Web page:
SHORTAGE of staff is crippling the smooth running of Mpilo Central Cancer Unit which was opened in April this year.
The unit, which has since rolled out nuclear medicine, does not have the required number of radiographers and oncologists.
The unit needs about 20 radiographers, one nuclear medicine physician, and about 20 oncologists.
In an interview yesterday, Mpilo clinical director Dr. Solwayo Ngwenya said the shortage of staff means that only a few cancer patients are attended to each day.
“So far 19 patients have received radiotherapy since we opened. Though we have the capacity to attend to more patients, we cannot because the few members of staff can only be exposed to a certain amount of radiography daily,” said Dr. Ngwenya.
“We have also done 43 bone scans under the nuclear medicine department. It’s quite an expensive department to run which needs forex to procure consumables and repair the machines.”
He said the hospital was working hard to ensure the unit runs smoothly.
“We continue to encourage members of the public to come for screening and utilise the unit. However we also ask them to bear with us as we are working towards ensuring that it runs smoothly,” said Dr. Ngwenya.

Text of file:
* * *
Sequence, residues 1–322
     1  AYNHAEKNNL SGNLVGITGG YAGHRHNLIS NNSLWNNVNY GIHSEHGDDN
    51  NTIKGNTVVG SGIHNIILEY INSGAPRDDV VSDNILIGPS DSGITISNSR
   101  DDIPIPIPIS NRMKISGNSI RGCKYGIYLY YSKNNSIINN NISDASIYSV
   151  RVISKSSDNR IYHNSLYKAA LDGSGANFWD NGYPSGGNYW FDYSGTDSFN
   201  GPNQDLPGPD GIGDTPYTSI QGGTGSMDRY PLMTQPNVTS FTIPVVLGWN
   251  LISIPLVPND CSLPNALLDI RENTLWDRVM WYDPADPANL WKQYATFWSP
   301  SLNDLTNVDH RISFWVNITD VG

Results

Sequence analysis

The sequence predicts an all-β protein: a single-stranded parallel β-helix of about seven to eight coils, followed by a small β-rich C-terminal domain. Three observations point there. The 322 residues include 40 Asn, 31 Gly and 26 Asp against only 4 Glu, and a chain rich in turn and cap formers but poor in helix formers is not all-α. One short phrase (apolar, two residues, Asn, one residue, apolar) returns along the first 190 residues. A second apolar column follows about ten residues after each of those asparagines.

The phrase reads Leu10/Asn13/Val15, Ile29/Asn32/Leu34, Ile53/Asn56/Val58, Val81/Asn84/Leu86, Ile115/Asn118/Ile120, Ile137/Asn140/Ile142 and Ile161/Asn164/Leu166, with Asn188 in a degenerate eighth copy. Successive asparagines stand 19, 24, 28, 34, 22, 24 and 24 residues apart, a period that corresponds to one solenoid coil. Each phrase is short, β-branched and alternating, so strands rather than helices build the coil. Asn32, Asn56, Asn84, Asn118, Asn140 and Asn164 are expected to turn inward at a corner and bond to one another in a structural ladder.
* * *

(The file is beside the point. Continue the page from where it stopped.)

Dr. Tatenda Chingonzoh who runs the unit’s radiography department said more than 80 percent of patients being attended to at Mpilo have stage three and four cancer which are generally incurable.
She said most members of the public were still reluctant to go for cancer screening which helps when it comes to treatment.
“The biggest problem now is that a large chunk of our patients are palliative which is when the disease is so advanced. The radiotherapy we administer is palliative to make things better as the disease would have spread to an extent where we can no longer cure it,” said Dr. Chingonzoh.